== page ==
Command Line Interface

A VUnit object can be created from command line arguments by using the from_argv method effectively creating a custom command line tool for running tests in the user project. Source files and libraries are added to the project by using methods on the VUnit object. The configuration is followed by a call to the main method which will execute the function specified by the command line arguments and exit the script. The added source files are automatically scanned for test cases.


VUnit command line tool version 4.4.1rc0

usage: [-h] [--with-attributes WITH_ATTRIBUTES]
              [--without-attributes WITHOUT_ATTRIBUTES] [-l] [-f] [--compile]
              [-m] [-k] [--fail-fast] [--elaborate] [--clean] [-o OUTPUT_PATH]
              [-x XUNIT_XML] [--xunit-xml-format {jenkins,bamboo}] [--exit-0]
              [--dont-catch-exceptions] [-v] [-q] [--no-color]
              [--log-level {info,error,warning,debug}] [-p NUM_THREADS] [-u]
              [--export-json EXPORT_JSON] [--version] [-g]
              [--gtkwave-fmt {vcd,ghw}] [--gtkwave-args GTKWAVE_ARGS]
              [--cdslib CDSLIB] [--hdlvar HDLVAR]
              [tests [tests ...]]

Positional Arguments


Tests to run

Default: “*”

Named Arguments


Only select tests with these attributes set


Only select tests without these attributes set

-l, --list

Only list all test cases

Default: False

-f, --files

Only list all files in compile order

Default: False


Only compile project without running tests

Default: False

-m, --minimal

Only compile files required for the (filtered) test benches

Default: False

-k, --keep-compiling

Continue compiling even after errors only skipping files that depend on failed files

Default: False


Stop immediately on first failing test

Default: False


Only elaborate test benches without running

Default: False


Remove output path first

Default: False

-o, --output-path

Output path for compilation and simulation artifacts

Default: “./vunit_out”

-x, --xunit-xml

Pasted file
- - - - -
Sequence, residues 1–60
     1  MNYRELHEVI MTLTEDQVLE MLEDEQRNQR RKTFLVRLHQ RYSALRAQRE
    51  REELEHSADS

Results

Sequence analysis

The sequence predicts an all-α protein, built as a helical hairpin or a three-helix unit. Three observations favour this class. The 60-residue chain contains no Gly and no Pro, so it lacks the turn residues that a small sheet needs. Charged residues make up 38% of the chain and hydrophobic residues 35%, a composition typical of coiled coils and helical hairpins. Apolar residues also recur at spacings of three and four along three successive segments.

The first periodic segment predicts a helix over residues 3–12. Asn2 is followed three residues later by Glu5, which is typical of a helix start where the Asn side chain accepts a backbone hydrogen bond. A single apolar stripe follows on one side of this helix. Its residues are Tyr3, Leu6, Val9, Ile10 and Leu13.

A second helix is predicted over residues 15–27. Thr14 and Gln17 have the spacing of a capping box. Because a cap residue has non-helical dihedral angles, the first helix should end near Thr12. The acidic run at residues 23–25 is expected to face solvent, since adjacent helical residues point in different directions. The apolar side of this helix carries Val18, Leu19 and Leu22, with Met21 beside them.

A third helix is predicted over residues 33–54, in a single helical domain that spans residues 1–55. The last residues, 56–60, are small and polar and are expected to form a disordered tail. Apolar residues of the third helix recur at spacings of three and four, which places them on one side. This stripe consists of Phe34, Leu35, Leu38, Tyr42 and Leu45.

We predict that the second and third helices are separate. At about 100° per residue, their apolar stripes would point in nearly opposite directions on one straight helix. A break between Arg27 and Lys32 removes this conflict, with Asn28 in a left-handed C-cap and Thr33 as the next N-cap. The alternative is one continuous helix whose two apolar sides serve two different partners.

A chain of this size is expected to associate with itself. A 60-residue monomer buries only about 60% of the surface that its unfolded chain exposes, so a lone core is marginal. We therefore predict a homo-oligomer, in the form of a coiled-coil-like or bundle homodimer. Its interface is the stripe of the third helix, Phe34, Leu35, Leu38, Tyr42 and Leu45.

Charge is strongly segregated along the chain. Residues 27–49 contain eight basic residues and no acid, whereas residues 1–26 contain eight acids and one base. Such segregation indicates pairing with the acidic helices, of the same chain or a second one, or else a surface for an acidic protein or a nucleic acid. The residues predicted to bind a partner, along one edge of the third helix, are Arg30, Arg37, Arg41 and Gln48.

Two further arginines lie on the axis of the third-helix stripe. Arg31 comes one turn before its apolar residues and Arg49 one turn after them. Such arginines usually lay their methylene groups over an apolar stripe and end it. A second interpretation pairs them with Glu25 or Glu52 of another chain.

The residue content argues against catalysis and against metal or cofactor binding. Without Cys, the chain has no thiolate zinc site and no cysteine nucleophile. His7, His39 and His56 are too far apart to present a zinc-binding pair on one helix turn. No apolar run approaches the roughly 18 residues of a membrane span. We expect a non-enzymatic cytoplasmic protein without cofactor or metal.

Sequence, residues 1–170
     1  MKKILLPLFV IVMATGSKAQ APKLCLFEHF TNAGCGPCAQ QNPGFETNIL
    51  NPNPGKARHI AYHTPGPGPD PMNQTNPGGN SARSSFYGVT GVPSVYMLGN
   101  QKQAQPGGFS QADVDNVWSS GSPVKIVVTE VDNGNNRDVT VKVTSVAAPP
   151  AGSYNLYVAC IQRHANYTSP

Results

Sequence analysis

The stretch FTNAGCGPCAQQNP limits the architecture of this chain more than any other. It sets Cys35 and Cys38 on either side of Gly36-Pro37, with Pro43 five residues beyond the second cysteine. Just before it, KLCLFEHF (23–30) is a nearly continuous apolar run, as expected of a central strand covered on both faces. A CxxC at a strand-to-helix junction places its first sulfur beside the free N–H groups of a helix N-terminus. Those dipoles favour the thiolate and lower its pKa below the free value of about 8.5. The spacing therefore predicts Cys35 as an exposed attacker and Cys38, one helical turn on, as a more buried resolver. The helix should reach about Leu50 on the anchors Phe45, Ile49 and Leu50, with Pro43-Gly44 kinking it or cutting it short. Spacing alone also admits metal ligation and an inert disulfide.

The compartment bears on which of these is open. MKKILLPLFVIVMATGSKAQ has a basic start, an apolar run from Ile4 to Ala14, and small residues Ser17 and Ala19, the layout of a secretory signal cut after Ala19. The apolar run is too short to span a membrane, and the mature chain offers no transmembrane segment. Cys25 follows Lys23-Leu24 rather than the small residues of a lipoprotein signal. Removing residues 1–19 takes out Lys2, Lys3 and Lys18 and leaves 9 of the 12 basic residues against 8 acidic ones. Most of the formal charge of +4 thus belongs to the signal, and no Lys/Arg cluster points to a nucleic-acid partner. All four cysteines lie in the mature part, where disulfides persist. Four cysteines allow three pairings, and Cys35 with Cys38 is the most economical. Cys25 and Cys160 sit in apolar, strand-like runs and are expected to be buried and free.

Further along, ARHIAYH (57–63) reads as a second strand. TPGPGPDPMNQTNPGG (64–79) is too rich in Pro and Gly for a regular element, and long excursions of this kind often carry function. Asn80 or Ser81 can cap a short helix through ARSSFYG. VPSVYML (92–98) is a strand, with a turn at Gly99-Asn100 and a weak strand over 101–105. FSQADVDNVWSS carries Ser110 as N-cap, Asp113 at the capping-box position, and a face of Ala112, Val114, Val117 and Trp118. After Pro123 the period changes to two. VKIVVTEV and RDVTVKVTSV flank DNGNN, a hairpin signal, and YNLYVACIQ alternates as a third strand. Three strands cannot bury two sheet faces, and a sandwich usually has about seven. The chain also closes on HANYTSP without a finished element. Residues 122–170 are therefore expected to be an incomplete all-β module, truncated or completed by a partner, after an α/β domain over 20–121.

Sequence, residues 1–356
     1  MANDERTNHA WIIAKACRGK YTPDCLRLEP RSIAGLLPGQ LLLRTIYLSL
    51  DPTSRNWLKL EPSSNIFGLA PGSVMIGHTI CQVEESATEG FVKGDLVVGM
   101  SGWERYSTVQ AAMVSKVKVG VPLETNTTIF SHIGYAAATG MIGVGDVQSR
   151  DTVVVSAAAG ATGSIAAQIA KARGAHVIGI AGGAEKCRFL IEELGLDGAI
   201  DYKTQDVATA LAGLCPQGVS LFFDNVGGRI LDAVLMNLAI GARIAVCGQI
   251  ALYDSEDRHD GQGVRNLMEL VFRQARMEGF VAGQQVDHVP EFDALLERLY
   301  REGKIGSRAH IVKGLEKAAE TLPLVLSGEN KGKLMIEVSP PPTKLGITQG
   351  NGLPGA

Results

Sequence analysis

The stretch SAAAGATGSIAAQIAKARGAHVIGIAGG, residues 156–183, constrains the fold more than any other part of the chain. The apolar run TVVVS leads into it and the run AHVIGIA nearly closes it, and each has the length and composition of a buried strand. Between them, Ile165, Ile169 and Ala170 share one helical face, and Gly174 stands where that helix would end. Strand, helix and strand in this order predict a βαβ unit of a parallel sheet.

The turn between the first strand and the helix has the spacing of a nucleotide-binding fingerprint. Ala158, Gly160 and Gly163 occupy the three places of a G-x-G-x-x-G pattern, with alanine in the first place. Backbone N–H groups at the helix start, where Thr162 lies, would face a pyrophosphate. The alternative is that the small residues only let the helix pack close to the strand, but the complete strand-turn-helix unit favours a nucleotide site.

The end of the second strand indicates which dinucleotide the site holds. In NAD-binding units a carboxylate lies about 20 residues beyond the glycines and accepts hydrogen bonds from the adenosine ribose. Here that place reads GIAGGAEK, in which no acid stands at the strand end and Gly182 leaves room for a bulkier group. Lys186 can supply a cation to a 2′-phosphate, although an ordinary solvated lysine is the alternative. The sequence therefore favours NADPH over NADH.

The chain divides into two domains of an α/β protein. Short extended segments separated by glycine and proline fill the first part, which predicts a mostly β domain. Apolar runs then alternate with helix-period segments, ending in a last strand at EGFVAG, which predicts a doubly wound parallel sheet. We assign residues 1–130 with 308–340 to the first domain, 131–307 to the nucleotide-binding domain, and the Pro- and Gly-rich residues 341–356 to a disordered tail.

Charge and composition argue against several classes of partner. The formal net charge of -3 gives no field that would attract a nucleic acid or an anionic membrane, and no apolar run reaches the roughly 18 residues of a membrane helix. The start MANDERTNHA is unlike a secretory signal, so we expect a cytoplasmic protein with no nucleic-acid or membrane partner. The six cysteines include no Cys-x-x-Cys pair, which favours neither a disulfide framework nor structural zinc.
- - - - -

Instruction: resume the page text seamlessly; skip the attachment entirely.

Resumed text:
Xunit test report .xml file


Possible choices: jenkins, bamboo

Only valid with –xunit-xml argument. Defines where in the XML file the simulator output is stored on a failure. “jenkins” = Output stored in <system-out>, “bamboo” = Output stored in <failure>.

Default: “jenkins”


Exit with code 0 even if a test failed. Still exits with code 1 on fatal errors such as compilation failure

Default: False


Let exceptions bubble up all the way. Useful when running with “python -m pdb”.

Default: False

-v, --verbose

Print test output immediately and not only when failure

Default: False

-q, --quiet

Do not print test output even in the case of failure

Default: False


Do not color output

Default: False


Possible choices: info, error, warning, debug

Log level of VUnit internal python logging. Used for debugging

Default: “warning”

-p, --num-threads

Number of tests to run in parallel. Test output is not continuously written in verbose mode with p > 1

Default: 1

-u, --unique-sim

Do not re-use the same simulator process for running different test cases (slower)

Default: False


Export project information to a JSON file.


show program’s version number and exit

-g, --gui

Open test case(s) in simulator gui with top level pre loaded

Default: False


GHDL specific flags


Possible choices: vcd, ghw

Save .vcd or .ghw to open in gtkwave


Arguments to pass to gtkwave

Default: “”

Incisive irun

Incisive irun-specific flags


The cds.lib file to use. If not given, VUnit maintains its own cds.lib file.


The hdl.var file to use. If not given, VUnit does not use a hdl.var file.

Example Session

The VHDL User Guide Example can be run to produce the following output:

List all tests
> python -l
Listed 3 tests
Run all tests
> python -v lib.tb_example*
Running test: lib.tb_example.all
Running test: lib.tb_example_many.test_pass
Running test: lib.tb_example_many.test_fail
Running 3 tests

running lib.tb_example.all
Hello World!